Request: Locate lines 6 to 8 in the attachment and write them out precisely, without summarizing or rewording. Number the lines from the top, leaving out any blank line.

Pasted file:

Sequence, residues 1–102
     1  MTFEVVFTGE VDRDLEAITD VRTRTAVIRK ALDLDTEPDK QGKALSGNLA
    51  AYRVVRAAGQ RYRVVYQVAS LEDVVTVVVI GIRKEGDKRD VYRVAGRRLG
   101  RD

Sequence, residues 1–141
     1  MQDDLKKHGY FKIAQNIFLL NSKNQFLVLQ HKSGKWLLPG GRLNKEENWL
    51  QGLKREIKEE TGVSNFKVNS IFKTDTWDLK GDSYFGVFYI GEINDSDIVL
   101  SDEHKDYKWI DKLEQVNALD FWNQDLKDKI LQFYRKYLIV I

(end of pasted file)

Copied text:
     1  MQDDLKKHGY FKIAQNIFLL NSKNQFLVLQ HKSGKWLLPG GRLNKEENWL
    51  QGLKREIKEE TGVSNFKVNS IFKTDTWDLK GDSYFGVFYI GEINDSDIVL
   101  SDEHKDYKWI DKLEQVNALD FWNQDLKDKI LQFYRKYLIV I